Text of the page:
Executive Briefings

Economists Association Pessimistic About U.S. Economy Improving Much in 2013

No matter who gets elected president next month, the United States economy in 2013 will have only tepid growth. Does that sound like this year all over again? Yes, indeed.

At least that's the view of 44 professional economic forecasters, members of the National Association of Business Economics, who released their outlook for the coming year. The economists have pretty much discounted all the political rhetoric about what will happen to the economy if the "Bush-era tax cuts" are not renewed. According to the Congressional Budget Office, if Congress and the White House can't reach a compromise on the budget and taxes, the economy will go over the "fiscal cliff" into a recession. But that's not what is likely to happen, say the forecasters.

"The lame duck Congress will kick the can down the road," says Patrick Newport, an economist at IHS Global Insight in Lexington, Mass., and a survey participant. "It's what they have done in the past."

He reasons that no one will want to be blamed for pushing the economy into a recession. "The smartest thing is to let the next Congress and administration take care of the problems," says Newport.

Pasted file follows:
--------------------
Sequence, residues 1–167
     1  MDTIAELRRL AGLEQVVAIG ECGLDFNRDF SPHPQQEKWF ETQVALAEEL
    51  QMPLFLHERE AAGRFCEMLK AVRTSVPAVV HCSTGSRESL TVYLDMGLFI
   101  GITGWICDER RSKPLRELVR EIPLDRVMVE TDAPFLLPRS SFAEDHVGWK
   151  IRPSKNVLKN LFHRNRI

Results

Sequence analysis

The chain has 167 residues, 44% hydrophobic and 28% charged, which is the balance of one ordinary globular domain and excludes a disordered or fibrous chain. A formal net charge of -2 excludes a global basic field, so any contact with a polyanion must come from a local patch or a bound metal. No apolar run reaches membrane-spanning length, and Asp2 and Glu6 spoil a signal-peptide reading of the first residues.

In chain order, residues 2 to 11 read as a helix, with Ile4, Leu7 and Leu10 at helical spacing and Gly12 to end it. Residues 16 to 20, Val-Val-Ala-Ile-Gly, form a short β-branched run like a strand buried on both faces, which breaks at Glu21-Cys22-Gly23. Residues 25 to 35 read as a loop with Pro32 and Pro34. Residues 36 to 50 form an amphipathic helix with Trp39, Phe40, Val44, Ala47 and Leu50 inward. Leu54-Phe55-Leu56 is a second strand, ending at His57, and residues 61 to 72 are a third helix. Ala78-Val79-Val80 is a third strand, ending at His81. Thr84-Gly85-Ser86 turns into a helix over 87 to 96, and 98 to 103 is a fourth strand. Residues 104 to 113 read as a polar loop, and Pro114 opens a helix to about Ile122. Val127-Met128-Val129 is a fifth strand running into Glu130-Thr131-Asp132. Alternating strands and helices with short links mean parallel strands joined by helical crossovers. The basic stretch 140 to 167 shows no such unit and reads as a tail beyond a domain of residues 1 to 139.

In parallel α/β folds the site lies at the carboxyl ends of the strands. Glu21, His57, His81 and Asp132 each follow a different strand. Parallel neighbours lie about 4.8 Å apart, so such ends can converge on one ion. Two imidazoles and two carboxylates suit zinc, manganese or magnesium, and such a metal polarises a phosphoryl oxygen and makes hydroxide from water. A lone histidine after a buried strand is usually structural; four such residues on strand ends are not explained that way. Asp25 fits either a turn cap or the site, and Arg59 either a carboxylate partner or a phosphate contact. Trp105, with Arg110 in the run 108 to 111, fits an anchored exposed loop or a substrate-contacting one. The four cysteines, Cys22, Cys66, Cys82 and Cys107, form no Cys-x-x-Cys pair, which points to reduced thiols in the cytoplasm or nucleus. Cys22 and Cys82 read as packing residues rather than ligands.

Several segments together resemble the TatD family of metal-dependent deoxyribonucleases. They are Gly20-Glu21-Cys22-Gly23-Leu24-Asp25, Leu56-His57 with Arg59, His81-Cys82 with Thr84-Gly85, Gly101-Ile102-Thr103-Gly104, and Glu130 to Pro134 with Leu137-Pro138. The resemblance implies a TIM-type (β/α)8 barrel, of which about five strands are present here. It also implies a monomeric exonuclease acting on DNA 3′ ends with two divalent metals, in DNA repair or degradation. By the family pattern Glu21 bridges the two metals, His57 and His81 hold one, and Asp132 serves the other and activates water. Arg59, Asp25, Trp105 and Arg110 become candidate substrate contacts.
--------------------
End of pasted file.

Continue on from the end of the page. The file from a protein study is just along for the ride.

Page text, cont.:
Instead, the economists in the survey say the dominant force behind the U.S. economy will be the slowing economies in China and Europe.

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At least that's the view of 44 professional economic forecasters, members of the National Association of Business Economics, who released their outlook for the coming year. The economists have pretty much discounted all the political rhetoric about what will happen to the economy if the "Bush-era tax cuts" are not renewed. According to the Congressional Budget Office, if Congress and the White House can't reach a compromise on the budget and taxes, the economy will go over the "fiscal cliff" into a recession. But that's not what is likely to happen, say the forecasters.

"The lame duck Congress will kick the can down the road," says Patrick Newport, an economist at IHS Global Insight in Lexington, Mass., and a survey participant. "It's what they have done in the past."

He reasons that no one will want to be blamed for pushing the economy into a recession. "The smartest thing is to let the next Congress and administration take care of the problems," says Newport.

Instead, the economists in the survey say the dominant force behind the U.S. economy will be the slowing economies in China and Europe.

Read Full Article